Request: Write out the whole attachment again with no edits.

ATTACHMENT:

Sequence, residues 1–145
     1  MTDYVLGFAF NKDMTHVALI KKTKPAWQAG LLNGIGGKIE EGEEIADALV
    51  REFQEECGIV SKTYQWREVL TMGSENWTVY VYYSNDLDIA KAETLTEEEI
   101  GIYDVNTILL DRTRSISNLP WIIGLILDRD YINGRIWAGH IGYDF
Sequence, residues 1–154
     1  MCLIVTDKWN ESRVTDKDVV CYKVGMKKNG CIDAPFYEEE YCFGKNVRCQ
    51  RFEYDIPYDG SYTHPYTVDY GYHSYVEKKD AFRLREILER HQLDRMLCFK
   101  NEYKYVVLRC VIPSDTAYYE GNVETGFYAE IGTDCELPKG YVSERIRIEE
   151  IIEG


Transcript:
Sequence, residues 1–145
     1  MTDYVLGFAF NKDMTHVALI KKTKPAWQAG LLNGIGGKIE EGEEIADALV
    51  REFQEECGIV SKTYQWREVL TMGSENWTVY VYYSNDLDIA KAETLTEEEI
   101  GIYDVNTILL DRTRSISNLP WIIGLILDRD YINGRIWAGH IGYDF
Sequence, residues 1–154
     1  MCLIVTDKWN ESRVTDKDVV CYKVGMKKNG CIDAPFYEEE YCFGKNVRCQ
    51  RFEYDIPYDG SYTHPYTVDY GYHSYVEKKD AFRLREILER HQLDRMLCFK
   101  NEYKYVVLRC VIPSDTAYYE GNVETGFYAE IGTDCELPKG YVSERIRIEE
   151  IIEG